Three new fence posts were installed this week so that the gate can sit at 90 degrees to the path. And the new posts means that another 150mm / 6 inches of width on the gate becomes available. Who knew? The posts will spend the next week curing before the heavy gate is installed.
The majority of the week was very calm, so we conducted a few burn-offs of forest material. I received an insurance policy renewal during the week and it had increased in price by 23% when compared to last year, and so I’m guessing the insurance industry is also having some dramas during these crazy days. It is funny to me, but not really in a funny way, when serious economic people suggest that inflation is very low. Given all of this insurance craziness, it is prudent to clean up the surrounding forest.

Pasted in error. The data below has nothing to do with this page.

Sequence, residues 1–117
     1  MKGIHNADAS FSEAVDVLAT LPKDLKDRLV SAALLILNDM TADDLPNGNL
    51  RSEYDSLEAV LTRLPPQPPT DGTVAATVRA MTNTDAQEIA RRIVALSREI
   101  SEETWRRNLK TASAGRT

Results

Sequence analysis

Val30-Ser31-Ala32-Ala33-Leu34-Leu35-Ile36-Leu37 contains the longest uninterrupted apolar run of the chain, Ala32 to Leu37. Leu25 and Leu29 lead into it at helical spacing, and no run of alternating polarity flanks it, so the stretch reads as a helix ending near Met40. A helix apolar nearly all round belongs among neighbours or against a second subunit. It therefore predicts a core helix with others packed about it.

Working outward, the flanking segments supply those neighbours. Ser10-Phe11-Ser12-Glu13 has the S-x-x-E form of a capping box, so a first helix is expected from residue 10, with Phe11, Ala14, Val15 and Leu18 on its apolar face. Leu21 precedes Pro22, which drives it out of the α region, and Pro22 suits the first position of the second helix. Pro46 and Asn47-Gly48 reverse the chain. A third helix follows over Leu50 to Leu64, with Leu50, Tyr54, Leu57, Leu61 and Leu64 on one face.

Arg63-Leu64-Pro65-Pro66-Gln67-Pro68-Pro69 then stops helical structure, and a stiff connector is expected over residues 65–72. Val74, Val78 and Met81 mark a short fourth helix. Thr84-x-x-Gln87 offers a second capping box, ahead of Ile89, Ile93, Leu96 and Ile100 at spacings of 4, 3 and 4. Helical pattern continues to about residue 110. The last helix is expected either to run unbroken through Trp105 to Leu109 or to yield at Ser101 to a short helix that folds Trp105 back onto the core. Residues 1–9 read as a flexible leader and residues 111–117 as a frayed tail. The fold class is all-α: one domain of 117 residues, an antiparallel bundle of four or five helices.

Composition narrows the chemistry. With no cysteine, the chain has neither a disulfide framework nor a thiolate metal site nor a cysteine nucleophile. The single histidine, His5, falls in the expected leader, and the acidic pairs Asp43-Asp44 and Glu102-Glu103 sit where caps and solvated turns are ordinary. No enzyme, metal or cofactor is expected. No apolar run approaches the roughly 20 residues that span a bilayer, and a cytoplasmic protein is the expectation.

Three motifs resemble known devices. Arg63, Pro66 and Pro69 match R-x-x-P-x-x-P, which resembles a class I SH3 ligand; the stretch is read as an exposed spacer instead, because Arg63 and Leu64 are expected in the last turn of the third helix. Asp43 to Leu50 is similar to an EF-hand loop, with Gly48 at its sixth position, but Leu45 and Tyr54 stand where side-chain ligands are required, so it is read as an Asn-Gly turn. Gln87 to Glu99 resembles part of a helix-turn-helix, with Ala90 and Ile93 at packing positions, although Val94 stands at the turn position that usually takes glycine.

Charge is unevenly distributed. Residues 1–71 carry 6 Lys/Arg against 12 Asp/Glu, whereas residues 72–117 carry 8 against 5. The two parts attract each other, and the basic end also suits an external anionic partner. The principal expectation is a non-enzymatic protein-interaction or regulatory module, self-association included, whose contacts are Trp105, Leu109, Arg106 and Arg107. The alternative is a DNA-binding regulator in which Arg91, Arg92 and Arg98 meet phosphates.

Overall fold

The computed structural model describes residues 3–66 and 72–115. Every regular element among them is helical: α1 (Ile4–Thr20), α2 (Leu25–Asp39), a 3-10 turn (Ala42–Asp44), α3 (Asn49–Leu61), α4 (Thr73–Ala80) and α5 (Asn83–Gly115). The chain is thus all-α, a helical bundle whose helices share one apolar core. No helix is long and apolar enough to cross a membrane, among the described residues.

Many large rocks were also relocated so as to protect a very large and very old tree. We intend to construct a small ramp leading down into the orchard and the path will travel alongside those rocks and the tree will be protected. The existing access path into the orchard is way too steep, and during wet weather it can be problematic getting back up the hill again.
Peak Rocks is real, and we have had to travel further afield in order to recover useful quantities of rock. This however does not mean that there are no rocks to be had, it just takes more time and energy to nab them. We did a rock scrounge this week, and the current steel rock gabion cage is rapidly filling up.